Guidelines for cross-slide (Windows Store apps)
Use cross-slide to support selection with the swipe gesture and drag (move) interactions with the slide gesture.
Selection and drag are possible only within a content area that is pannable in one direction (vertical or horizontal). For either interaction to work, one panning direction must be locked and the gesture must be performed in the direction perpendicular to the panning direction.
Here we demonstrate selecting and dragging an object using a cross-slide. The image on the left shows how an item is selected if a swipe gesture doesn't cross a distance threshold before the contact is lifted and the object released. The image on the right shows a sliding gesture that crosses a distance threshold and results in the object being dragged.
The threshold distances used by the cross-slide interaction are shown in the following diagram.
To preserve panning functionality, a small threshold of 2.7mm (approximately 10 pixels at target resolution) must be crossed before either a select or drag interaction is activated. This small threshold helps the system to differentiate cross-sliding from panning, and also helps ensure that a tap gesture is distinguished from both cross-sliding and panning.
This image shows how a user touches an element in the UI, but moves their finger down slightly at contact. With no threshold, the interaction would be interpreted as a cross-slide because of the initial vertical movement. With the threshold, the movement is interpreted correctly as horizontal panning.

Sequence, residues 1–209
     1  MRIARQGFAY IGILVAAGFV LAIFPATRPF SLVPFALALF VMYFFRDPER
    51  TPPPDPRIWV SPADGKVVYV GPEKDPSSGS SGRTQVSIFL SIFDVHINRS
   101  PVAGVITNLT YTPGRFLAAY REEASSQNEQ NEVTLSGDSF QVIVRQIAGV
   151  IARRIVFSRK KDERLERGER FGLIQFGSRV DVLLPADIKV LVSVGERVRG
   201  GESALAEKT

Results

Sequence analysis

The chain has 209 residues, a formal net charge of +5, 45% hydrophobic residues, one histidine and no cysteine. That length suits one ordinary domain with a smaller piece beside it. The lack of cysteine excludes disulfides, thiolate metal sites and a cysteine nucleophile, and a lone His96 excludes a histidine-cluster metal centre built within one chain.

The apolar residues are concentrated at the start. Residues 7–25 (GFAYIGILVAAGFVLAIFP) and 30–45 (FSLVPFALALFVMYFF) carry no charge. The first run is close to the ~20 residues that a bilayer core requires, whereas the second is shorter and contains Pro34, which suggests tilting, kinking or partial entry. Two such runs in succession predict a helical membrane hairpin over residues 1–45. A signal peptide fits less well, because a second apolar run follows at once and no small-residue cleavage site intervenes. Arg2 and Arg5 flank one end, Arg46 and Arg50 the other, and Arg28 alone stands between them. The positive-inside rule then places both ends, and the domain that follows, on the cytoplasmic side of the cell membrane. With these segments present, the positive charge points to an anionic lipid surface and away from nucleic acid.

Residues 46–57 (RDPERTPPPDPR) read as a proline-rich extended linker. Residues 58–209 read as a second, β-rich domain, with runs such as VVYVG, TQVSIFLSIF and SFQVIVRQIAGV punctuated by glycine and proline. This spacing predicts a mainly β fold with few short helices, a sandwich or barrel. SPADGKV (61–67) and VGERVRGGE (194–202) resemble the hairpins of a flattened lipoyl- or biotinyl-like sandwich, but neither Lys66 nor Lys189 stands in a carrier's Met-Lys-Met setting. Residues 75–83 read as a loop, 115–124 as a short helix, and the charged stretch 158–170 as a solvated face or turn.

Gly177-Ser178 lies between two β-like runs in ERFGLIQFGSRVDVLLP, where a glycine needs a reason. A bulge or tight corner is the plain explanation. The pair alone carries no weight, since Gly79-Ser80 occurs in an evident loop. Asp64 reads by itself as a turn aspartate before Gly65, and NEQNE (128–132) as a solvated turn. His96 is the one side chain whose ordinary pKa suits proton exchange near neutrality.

Here are some guidelines to consider when including cross-slide functionality in your Windows Store apps.
Use cross-slide for lists or collections that scroll in a single direction. For more information, see Adding ListView controls.
Note In cases where the content area can be panned in two directions, such as web browsers or e-readers, the press-and-hold timed interaction should be used to invoke the context menu for objects such as images and hyperlinks.
|A horizontally panning two-dimensional list. Drag vertically to select or move an item.||A vertically panning one-dimensional list. Drag horizontally to select or move an item.|
Selection is the marking, without launching or activating, of one or more objects. This action is analogous to a single mouse click, or Shift key and mouse click, on one or more objects.
Cross-slide selection is achieved by touching an element and releasing it after a short dragging interaction. This method of selection dispenses with both the dedicated selection mode and the press-and-hold timed interaction required by other touch interfaces and does not conflict with the tap interaction for activation.
In addition to the distance threshold, cross-slide selection is constrained to a 90° threshold area, as shown in the following diagram. If the object is dragged outside of this area, it is not selected.
The cross-slide interaction is supplemented by a press-and-hold timed interaction, also referred to as a "self-revealing" interaction. This supplemental interaction activates an animation that indicates what action can be performed on the object. For more information on disambiguation UI, see Guidelines for visual feedback.
The following screen shots demonstrate how the self-revealing animation works.